Synopses of Other Important Works
In lieu of an abstract, here is a brief excerpt of the content:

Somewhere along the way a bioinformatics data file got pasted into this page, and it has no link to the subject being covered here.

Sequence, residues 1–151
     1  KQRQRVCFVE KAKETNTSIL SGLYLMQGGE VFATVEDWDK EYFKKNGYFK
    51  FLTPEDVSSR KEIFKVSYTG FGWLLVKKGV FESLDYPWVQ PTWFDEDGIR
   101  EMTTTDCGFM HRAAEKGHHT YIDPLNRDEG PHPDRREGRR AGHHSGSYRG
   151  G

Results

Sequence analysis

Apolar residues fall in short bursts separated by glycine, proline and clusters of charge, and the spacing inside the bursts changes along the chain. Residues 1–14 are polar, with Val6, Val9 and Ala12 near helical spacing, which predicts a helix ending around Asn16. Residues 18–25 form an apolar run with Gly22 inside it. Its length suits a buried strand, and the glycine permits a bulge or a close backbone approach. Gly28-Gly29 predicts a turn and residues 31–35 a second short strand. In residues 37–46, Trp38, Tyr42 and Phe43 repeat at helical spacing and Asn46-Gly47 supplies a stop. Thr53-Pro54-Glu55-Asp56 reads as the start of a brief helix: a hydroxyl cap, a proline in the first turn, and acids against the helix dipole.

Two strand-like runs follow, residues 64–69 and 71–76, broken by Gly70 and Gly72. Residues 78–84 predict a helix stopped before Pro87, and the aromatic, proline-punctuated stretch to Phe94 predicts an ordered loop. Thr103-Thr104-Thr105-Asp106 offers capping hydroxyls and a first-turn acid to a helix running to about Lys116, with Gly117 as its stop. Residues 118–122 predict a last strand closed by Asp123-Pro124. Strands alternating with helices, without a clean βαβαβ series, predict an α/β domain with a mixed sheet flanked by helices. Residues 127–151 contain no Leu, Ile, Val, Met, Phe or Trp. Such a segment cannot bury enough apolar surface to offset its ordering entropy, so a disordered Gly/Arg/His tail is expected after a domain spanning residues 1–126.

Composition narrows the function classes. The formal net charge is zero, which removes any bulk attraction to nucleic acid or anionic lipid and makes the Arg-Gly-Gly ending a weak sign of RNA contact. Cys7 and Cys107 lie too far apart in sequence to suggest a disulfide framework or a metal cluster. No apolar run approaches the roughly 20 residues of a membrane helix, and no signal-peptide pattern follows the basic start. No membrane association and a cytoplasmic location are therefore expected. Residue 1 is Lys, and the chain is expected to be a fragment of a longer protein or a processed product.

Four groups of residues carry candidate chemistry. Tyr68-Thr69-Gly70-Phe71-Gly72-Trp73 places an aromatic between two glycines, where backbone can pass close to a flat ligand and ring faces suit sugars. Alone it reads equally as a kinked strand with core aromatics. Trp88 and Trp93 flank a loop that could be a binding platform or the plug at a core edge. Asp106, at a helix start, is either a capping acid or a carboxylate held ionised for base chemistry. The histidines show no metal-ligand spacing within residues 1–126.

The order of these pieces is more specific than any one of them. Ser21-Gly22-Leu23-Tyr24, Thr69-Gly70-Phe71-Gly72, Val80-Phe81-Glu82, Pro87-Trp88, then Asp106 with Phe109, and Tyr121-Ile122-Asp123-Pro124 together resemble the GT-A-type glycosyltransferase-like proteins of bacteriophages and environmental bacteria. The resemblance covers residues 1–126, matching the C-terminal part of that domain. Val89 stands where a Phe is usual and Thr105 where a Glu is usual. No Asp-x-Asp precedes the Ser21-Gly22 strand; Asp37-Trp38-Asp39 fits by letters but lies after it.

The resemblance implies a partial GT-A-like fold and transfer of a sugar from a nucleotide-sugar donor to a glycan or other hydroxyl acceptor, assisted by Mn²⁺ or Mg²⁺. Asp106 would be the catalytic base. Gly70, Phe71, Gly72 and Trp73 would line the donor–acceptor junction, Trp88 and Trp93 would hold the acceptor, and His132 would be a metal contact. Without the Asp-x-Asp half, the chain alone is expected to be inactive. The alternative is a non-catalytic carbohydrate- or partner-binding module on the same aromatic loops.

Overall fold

Synopses of Other Important Works The White Supremacist Mindset The Fascist Mind In a recent article ("Eternal Fascism," New York Review of Books, reprinted in Utne Reader, November/December 1995, p. 57), the novelist and cultural critic Umberto Eco offers "Fourteen Ways for Looking at a Blackshirt." These features of "UrFascism , or Eternal Fascism" include: the cult of tradition; rejection of modernism; action for action's sake; the equating of disagreement with treason; fear of difference; appeal to a frustrated middle class; the notion of a new world order; a sense of humiliation at the wealth and force of enemies; the conviction that life is permanent warfare; contempt for the weak; emphasis on heroism; transference of will to power to sexual matters; populism and disdain for parliamentary government; and Newspeak-corruption of language. Eco warns: Or-Fascism is still around us, sometimes in plainclothes. It would be so much easier for us if there appeared on the world scene somebody saying, "I want to reopen Auschwitz, I want the Blackshirts to parade again in the Italian squares." Life is not that simple. Or-Fascism can come back under the most innocent of disguises. Our duty is to uncover it and to point our finger at any of its new instances.... Freedom and liberation are an unending task (pp. 57, 59). How to Speak in Code In his book There's No Such Thing as Free Speech, and It's a Good Thing, Too (Oxford University Press, 1994), Stanley Fish writes of how latter-day bigots have learned to wrap themselves in the American flag, quote Martin Luther King, and appeal to principles of merit. Code words are all around us these days. When a politician declares that we have to stop catering to special interests and pay attention to the middle class, you know who the special interests are and you know that the color of the middle class-symbolically, if not empirically-is white. And when another politician attacks welfare mothers who breed children in order to claim larger benefits, you know that the real message is composed of two racial stereotypes: (1) the sexually-promiscuous black ... , and (2) the lazy and shiftless negro made familiar to so many Americans by the comedian 5tepin Fetchit (p. 90). Fish goes on to detail how such speaking in code enables the speaker to play upon cultural prejudices against blacks, foreigners, and the poor while appearing to take the high road. liThe favorite strategy is to find a word or concept that seems invulnerable to challengelaw , equality, merit, neutrality-and then to give it a definition that generates the desired Copyrighted Material 602 Synopses of Other Important Works outcome. David Duke has it down pat" (p. 91). And so, he shows, does his favorite rival, Dinesh D'Souza, who according to Fish uses innuendo and selective quotation to make it appear that it is African-Americans who are the aggressors, imposing on long-suffering, innocent whites and dragging down our universities at the same time. "No Longer a War of Words" First published in 1978 under a pseudonym, William Pierce's Turner Diaries is undergoing a new vogue. The novel details a frightening scenario in which the United States is caught up in a race war between slovenly blacks and heroic whites. Interviewed by Mike Wallace on CBS 60 Minutes (May 19, 1996), Pierce responded to queries as follows: WALLACE: We are now in a process of self-destruction in the United States? PIERCE: In a process of disintegration And it's not just me-not just me and people around me who-who feel this. There's a general feeling of this throughout the society, a-a feeling that things are coming apart, a feeling that the center cannot hold.... WALLACE: The central message of his novel ... is that the United States is being ruined by blacks, Hispanics, Jews-just about everyone but those he calls his people, Aryan whites.... PIERCE: Race mixing is-is one of the things which is causing the breakdown of American society , and the alienation of the people generally. WALLACE: You refer often ... to blacks as rapists, thugs, dumb, cannibals.... PIERCE: I was envisioning the breakdown of society as a culmination of the trends that I could see in the 1970s. A passage from The Turner Diaries (National Vanguard, 2d ed. 1980) follows: September 16,1991. Today it finally began! After all these years of talking-and nothing but talking-we have finally taken our first...